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FSB Opens 'Smuggling' Inquiry Into Prominent Putin Critic

An archive photo of former deputy prime minister Alfred Kokh.

The Federal Security Service, or FSB, opened a "smuggling" investigation into 1990s deputy prime minister and current Kremlin critic Alfred Kokh "as soon as" he left on a trip to Germany, he said.

On Tuesday, he wrote in a Facebook post that 15 masked officers searched his home at 7 a.m. after pointing a machine gun in the face of his "tired, old wife." He laughed off the charge and said "thankfully it's not pedophilia."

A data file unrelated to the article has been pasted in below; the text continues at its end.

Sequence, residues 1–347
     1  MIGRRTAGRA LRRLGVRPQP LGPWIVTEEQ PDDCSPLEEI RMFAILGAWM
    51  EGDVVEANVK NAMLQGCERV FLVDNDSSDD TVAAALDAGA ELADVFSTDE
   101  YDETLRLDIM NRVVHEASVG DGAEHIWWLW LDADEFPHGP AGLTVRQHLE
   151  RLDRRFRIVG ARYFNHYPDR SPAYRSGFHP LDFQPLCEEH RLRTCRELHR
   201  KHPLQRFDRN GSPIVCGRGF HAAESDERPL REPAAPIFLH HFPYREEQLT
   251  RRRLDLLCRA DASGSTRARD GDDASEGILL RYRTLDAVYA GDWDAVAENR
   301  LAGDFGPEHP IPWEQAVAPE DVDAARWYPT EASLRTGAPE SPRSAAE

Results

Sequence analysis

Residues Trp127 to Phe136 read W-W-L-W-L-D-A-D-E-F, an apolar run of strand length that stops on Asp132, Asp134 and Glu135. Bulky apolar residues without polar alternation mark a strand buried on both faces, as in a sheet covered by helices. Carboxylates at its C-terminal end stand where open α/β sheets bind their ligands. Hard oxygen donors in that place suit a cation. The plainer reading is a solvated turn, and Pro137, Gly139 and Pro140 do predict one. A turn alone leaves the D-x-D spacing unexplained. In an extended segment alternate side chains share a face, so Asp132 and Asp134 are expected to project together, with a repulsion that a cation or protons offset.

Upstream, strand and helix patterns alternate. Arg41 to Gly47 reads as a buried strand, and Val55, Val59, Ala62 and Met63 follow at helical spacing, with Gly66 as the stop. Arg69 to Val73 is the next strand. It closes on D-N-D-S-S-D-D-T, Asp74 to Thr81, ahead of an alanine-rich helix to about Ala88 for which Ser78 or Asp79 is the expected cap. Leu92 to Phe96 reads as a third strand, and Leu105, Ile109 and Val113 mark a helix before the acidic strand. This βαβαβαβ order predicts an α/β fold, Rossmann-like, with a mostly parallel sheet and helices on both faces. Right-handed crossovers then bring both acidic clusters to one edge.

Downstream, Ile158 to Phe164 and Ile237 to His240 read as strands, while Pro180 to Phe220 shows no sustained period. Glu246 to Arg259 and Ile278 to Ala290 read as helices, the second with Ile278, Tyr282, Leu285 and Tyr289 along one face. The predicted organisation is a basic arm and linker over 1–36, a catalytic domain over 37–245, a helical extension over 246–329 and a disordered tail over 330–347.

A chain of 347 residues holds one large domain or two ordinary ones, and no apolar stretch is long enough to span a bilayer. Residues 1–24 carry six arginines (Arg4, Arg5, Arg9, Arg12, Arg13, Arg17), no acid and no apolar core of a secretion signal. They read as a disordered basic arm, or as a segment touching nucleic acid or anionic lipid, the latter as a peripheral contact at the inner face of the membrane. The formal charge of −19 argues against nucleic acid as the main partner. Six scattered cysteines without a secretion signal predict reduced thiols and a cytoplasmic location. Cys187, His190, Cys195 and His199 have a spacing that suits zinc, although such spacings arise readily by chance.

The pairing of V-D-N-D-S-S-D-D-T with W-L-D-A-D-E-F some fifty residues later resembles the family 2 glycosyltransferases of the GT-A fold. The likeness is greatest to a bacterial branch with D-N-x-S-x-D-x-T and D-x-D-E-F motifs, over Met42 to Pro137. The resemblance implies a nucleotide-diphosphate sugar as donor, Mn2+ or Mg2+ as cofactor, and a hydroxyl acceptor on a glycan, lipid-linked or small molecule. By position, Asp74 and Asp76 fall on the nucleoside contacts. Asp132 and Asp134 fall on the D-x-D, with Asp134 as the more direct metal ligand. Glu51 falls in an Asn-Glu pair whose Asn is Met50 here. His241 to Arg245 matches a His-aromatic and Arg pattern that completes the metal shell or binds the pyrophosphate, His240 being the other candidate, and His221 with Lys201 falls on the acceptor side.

Kokh, an architect of the 1990s privatization reform, believes that the accusation and search are retaliation for his adamant criticism of the regime of President Vladimir Putin.

Another former deputy prime minister turned Kremlin critic, Boris Nemtsov, agreed with Kokh, saying in his own Facebook post that he "has no doubt that the criminal case against Kokh is connected with his writings."

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